Some Grafana panels allow you to attach thresholds to your dashboard panels. These panels continuously evaluate data for degradation and color change in the graphs according to their predefined thresholds. Some panels also have a notification system that can send out alert events over multiple channels like email, Slack, PagerDuty, VictorOps, etc. Users can easily add annotations to any service outages or planned maintenance.
Grafana overall maintains a huge collection of plugins for anything and everything making it one of the most widely used visualization tools in the world. All thanks to their active developers and their large community of contributors.
Like Dashboards? Read more on our article Our Favorite Grafana Dashboards.
What is Chronograf?
Chronograf is the user interface for InfluxDb’s 1.x platform. Recently with the launch of InfluxDb 2.0, Chronograf was merged into the time series platform and is now a part of the single binary and known as visualization.
Chronograf is one of the components of InfluxDb’s TICK Stack that comprises InfluxDB (the time-series database), Telegraf (the data collector), Chronograf (the web interface), and Kapacitor (the data processing and alerting engine). Chronograf lets you see the data stored in your InfluxDB and quickly build real-time dashboards using simple templates and libraries.
Dashboards in Chronograph
Dashboards in Chronograf are simple and easy to create. Depending on the telegraf input plugins enabled, Chronograf automatically creates pre-built dashboards for its users. These dashboards, however, cannot be cloned or edited. Users can select from a list of apps that come with these pre-created dashboards. Users can also create custom dashboards by building queries in the Data Explorer.
Unlike Grafana, Chronograf was primarily built to integrate with only the InfluxDB time-series database. It was designed to simplify the use of the entire InfluxDB TICK platform. Chronograf supports many visualization types like Line Graphs, Single Stat, Bar Graphs, Gauges, Tables, and others. Editors and administrators can choose to mark or add important events, system outages, comments, etc. using annotations in the Chronograf interface.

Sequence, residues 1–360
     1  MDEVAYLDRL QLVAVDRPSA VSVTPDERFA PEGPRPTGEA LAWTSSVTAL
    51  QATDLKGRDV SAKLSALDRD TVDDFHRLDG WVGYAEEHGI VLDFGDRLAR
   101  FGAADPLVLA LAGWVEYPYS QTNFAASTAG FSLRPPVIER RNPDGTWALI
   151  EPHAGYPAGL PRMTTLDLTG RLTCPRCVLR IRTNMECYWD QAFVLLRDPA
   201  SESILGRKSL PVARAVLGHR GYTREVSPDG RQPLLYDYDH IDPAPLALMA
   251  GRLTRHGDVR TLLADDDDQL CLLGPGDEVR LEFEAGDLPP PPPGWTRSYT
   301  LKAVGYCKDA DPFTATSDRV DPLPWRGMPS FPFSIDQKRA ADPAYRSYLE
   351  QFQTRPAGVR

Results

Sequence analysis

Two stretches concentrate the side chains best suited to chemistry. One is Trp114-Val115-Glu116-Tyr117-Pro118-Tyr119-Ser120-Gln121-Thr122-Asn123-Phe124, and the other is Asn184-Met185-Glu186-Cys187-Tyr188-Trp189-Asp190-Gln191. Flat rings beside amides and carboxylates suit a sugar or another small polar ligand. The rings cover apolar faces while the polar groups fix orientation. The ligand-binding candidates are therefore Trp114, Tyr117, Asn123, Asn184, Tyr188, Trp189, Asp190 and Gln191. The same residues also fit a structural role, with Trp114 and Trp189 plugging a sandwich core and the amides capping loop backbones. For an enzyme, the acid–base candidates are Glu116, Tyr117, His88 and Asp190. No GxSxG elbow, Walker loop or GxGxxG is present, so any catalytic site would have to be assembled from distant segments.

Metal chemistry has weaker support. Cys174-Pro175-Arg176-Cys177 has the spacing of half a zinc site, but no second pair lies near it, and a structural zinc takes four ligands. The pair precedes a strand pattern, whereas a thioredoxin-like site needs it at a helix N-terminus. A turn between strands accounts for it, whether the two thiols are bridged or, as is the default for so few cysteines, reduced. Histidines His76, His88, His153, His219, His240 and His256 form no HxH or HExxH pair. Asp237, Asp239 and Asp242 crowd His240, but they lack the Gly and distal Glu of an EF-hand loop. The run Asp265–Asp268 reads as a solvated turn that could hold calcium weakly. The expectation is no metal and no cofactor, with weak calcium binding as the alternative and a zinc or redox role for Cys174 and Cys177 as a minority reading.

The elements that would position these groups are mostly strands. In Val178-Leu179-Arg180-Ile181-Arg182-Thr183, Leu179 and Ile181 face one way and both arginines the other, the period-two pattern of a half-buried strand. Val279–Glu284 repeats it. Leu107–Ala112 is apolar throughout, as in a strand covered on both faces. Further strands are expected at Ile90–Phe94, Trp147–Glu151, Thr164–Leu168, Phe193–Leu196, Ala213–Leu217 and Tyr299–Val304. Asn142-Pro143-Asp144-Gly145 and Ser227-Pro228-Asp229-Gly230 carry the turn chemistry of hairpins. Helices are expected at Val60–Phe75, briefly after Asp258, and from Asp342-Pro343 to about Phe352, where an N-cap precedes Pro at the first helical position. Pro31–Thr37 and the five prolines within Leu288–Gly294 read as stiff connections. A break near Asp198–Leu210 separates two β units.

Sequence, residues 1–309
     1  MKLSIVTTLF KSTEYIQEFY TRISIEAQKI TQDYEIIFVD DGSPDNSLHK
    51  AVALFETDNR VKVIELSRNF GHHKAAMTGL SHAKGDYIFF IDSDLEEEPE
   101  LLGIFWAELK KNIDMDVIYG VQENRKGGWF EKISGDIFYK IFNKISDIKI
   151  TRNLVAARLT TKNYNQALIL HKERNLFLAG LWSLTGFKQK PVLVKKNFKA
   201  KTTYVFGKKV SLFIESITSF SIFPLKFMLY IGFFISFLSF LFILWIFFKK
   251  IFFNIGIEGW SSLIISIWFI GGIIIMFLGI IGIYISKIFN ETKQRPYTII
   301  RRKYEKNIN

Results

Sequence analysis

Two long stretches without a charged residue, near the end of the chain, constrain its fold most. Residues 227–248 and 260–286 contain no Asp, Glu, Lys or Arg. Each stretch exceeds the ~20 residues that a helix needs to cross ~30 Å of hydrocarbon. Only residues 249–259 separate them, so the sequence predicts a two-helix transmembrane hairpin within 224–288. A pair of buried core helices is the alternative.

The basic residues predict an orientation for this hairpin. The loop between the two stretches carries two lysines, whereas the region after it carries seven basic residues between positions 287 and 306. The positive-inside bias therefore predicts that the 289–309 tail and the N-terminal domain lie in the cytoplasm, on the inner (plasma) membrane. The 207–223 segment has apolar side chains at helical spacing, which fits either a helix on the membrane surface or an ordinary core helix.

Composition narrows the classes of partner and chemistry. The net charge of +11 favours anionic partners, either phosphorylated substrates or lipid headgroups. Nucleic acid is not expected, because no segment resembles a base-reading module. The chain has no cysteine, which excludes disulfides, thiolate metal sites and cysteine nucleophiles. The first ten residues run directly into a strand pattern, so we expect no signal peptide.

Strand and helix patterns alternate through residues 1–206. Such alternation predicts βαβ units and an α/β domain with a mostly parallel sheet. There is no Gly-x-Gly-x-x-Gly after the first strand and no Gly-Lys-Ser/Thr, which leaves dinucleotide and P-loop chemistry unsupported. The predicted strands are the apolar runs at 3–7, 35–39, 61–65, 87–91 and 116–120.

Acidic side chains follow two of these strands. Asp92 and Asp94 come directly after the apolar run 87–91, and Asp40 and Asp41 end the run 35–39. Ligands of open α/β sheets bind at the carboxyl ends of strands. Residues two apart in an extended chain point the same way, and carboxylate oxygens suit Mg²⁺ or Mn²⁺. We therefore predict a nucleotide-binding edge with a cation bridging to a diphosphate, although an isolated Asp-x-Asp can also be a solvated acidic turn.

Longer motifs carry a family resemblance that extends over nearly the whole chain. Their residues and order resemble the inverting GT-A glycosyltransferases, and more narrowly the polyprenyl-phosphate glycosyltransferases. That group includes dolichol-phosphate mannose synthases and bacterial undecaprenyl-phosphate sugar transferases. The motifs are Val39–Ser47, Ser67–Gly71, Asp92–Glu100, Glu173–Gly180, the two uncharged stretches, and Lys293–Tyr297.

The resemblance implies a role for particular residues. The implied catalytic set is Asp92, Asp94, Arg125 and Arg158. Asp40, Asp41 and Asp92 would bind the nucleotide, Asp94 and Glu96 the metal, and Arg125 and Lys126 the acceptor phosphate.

Like Grafana, Chronograph also allows creation template variables to allow dynamically changing dashboards. This is an important feature of dashboarding and is utilized by most developers to generate dashboards that can be reused for hundreds of metrics and can filter or select data based on variables. Users can select the values of these variables at runtime and results are auto-generated as per their selection.
Chronograf integrates with Kapacitor providing a user interface for its alerting engine. Kapacitor in turn continuously evaluates data points in real-time and upon data degradation and pushes a message to the handler. Messages could be pushed to log files, email services, or any third-party services like Slack, VictorOps, PagerDuty, and many more.
Differences Between Grafana and Chronograf in Terms of Dashboards:
Grafana and Chronograf are similar solutions developed to display data and provide analytical insights. However, Chronograf majorly lags by offering only InfluxDB as a data source. Grafana also provides extra visual types for deeper analytics and has a better interface than current versions of Chronograf.
If you need a single solution for all your backend data sources, we suggest Grafana. But if you just need a simple interface to filter your InfluxDB data, go for InfluxDB. InfluxDB 2.0 is the latest version and simplifies installation by merging separate components into one.
Don’t want to go through nerdy installation procedures and dashboard setups? Sign up for MetricFire's free trial to build Grafana dashboards, book a demo, and talk to our team at MetricFire. You only have to sit back and relax while we do everything for you.